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World CLASS
Grant Wahl
June 24, 2002
By thumping archrival Mexico, the U.S. punched through to soccer's elite eight, its best showing in 72 years
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June 24, 2002

World Class

By thumping archrival Mexico, the U.S. punched through to soccer's elite eight, its best showing in 72 years

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Yet Arena's one obvious mistake was a doozy. By starting Jeff Agoos, his former player at D.C. United and the University of Virginia, in central defense throughout the first round, Arena relied on a 34-year-old whose legs are too creaky for the game's highest level. Before Agoos pulled a calf muscle in the first half against Poland (sidelining him for the tournament), his dossier included an own-goal, a penalty and breakdowns on the five goals the U.S. had allowed. "One of our failures was never finding a younger center back to join in with our group," Arena said last Saturday in his 30th-floor aerie overlooking Seoul. "International soccer is difficult for players in their 30s. There's no downtime anymore. The fields are manicured, the balls are like lightning, the equipment is perfect. It's a fast game, a young man's game."

When Arena was hired in 1998, he brought with him five NCAA titles, two MLS crowns and a history of speaking his mind, often with ruthless honesty. "We had two concerns," says former U.S. Soccer Federation president Alan Rothenberg. "One, do we need somebody with international experience? And two, are we going to have a loose cannon here? Was he going to insult us as much as he insults everybody else?"

While Arena proved Rothenberg's "loose cannon" fear true during qualifying, drawing a two-game suspension for verbally abusing a ref, his candor has been a hit with the players. They appreciate the way he maintains steady communication, a rare trait among his European counterparts, and he has instilled an uncommon comfort level within the team. When the U.S. plays in Washington, Arena often hosts barbecues with his wife, Phyllis, at their house in northern Virginia. In Seoul, whenever he sees Beasley roaming the hotel in his usual attire—a gold number 7 medallion with 117 diamonds, a pair of two-carat diamond earrings and a black neoprene skullcap—he can't help himself. "Hey, DaMarcus," Arena will say, "that hat is phat"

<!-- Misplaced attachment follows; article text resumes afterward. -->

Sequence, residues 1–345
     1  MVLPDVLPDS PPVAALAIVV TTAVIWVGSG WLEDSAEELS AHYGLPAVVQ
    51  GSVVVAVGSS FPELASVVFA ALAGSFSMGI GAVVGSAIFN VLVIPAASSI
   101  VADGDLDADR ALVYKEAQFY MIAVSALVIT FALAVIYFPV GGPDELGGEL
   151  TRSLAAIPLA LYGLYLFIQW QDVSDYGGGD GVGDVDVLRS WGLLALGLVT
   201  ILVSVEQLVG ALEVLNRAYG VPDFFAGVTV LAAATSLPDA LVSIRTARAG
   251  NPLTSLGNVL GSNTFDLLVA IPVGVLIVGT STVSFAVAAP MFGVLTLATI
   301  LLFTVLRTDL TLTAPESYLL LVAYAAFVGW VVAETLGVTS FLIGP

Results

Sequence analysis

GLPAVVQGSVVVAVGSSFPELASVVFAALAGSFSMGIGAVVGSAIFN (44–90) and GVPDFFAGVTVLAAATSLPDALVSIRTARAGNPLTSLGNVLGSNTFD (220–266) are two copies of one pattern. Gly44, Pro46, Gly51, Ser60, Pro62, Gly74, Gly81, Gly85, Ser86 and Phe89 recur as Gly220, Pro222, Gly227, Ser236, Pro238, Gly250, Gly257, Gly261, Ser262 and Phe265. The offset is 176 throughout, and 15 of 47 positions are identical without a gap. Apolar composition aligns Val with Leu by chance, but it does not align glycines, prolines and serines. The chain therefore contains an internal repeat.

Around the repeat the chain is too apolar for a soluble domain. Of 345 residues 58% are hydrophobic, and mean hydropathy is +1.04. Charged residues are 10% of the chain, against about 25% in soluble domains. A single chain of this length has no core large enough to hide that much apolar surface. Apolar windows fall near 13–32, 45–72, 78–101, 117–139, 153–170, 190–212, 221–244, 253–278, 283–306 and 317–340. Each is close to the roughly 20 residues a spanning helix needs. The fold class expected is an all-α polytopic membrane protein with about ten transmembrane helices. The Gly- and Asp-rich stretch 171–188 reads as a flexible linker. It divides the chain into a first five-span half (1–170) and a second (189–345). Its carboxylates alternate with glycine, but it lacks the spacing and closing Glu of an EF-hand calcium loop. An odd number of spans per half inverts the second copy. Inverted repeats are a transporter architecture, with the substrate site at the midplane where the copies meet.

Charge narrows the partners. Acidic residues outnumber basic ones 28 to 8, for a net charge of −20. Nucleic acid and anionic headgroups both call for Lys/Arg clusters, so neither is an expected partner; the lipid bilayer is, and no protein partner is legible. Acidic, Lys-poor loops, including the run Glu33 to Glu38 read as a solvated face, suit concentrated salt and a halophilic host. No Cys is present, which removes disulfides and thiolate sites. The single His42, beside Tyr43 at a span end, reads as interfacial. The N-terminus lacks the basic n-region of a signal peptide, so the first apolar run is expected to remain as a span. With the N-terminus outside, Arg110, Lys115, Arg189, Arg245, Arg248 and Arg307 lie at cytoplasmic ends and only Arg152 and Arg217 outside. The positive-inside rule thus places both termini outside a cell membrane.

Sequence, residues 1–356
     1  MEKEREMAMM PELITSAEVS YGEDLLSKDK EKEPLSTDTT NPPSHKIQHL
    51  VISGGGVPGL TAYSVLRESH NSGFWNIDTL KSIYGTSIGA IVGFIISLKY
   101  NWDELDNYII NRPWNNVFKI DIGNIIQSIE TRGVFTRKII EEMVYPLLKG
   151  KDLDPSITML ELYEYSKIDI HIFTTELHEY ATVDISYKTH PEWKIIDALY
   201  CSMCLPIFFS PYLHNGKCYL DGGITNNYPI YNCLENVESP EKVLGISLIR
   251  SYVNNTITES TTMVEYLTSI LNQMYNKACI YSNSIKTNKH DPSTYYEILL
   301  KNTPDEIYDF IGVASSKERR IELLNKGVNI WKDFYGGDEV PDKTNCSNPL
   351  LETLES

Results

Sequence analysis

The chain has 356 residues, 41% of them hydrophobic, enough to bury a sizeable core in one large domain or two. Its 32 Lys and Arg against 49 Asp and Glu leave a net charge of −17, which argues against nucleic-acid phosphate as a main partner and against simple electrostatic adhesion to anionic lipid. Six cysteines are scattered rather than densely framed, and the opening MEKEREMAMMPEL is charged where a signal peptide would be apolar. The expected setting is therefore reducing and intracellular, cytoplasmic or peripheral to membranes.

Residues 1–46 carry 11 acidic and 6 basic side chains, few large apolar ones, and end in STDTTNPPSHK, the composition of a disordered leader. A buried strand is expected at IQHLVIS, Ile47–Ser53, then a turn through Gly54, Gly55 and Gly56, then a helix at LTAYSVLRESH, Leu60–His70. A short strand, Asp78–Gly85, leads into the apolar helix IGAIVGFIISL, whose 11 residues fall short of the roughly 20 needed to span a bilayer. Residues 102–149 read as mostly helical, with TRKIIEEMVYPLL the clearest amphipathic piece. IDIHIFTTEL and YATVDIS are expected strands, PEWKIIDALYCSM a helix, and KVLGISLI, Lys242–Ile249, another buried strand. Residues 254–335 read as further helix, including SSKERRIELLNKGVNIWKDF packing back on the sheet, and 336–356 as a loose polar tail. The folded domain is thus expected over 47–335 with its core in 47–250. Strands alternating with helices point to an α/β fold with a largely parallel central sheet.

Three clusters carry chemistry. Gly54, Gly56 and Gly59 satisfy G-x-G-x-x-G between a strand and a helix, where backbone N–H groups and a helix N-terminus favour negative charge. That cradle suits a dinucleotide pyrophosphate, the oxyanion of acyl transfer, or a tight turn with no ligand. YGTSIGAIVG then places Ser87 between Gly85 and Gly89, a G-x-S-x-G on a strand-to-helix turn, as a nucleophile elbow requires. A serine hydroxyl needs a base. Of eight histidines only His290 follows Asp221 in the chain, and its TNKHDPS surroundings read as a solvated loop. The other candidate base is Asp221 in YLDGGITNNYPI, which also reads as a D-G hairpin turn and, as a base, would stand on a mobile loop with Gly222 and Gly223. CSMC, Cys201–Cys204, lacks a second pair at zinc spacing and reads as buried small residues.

In some ways, though, Arena's personality seems too large for this group. "The '98 team had a bunch of strong personalities, and this is almost the opposite," Arena says. "These guys don't rock the boat, which is good—that's why they're a team—but it would be nice to have one who takes on a real leadership role."

He may yet get to watch one of his young stars mature into that role if, unlike most national-team coaches, he sticks around for a second World Cup run. Arena certainly has earned the chance, having amassed the most victories (33) and the highest winning percentage (.625) of any U.S. coach. Though his contract with U.S. Soccer runs out at the end of this year, negotiations for a new one have begun. "Who the hell knows?" Arena says. Coaching a club in England "would be interesting," he adds. "I think I have a good background to do something like that."

Arena cites ACC basketball as the greatest influence on his coaching—at Virginia, he used to sit in his office before games and eavesdrop through the air vents on the adjoining visitors' locker room—and he drew on that experience for the Mexico game, the latest skirmish in a protracted border war that matches Duke-Carolina at its best. "One thing I learned was never to get too high or too low," Arena says. "You see it all the time in the ACC, where you get knocked down, and then you have to get back up again."

It wasn't lost on the Americans that against Mexico they would be playing before a friendlier crowd in Jeonju than any they have endured in, say, Los Angeles. "I'm not a big fan of the urine bags," goalkeeper Tony Meola said of the projectiles that have been hurled at him over the years by Mexico supporters. "It's happened to me in Mexico City, and it's happened to me at the L.A. Coliseum." Highlights of the rivalry include the time one Mexican player kicked Alexi Lalas in the nuts, as well as the fracas in Columbus, Ohio, last year, in which Mexico's Luis Hern�ndez clocked Tony Sanneh with an elbow. "I don't like them, and they hate us" Donovan said before the game. "They can be dirty and cheap."

In the end the two teams had collected five yellow cards each, while Mexico bagged the only red card (for Rafael M�rquez's brutal head-butt of Jones) and the U.S. scored the only direct kick to the privates (when Reyna unintentionally caught Braulio Luna there in the second half). It was one more reminder that although Reyna may wear number 10, he is not the Number 10, soccerese for the play-maker, the engine of the attack. "The last time I was a Number 10 was in college," says Reyna. "In Europe I've always played central midfield, with a lot of defensive duties. I'm just worried about defending well, doing the hard work and keeping possession. That's what I do best."

Once in a blue moon Reyna also ventures forward, as he did so brilliantly during his game-breaking run on Monday. At the final whistle, as a section of joyous Americans serenaded their vanquished opponents with �Adi�s, amigos! one could only wonder what stunning surprises, from lineups to results, the U.S. would spring next. "Bruce got it right again," Reyna marveled afterward.

So did his plucky Americans.

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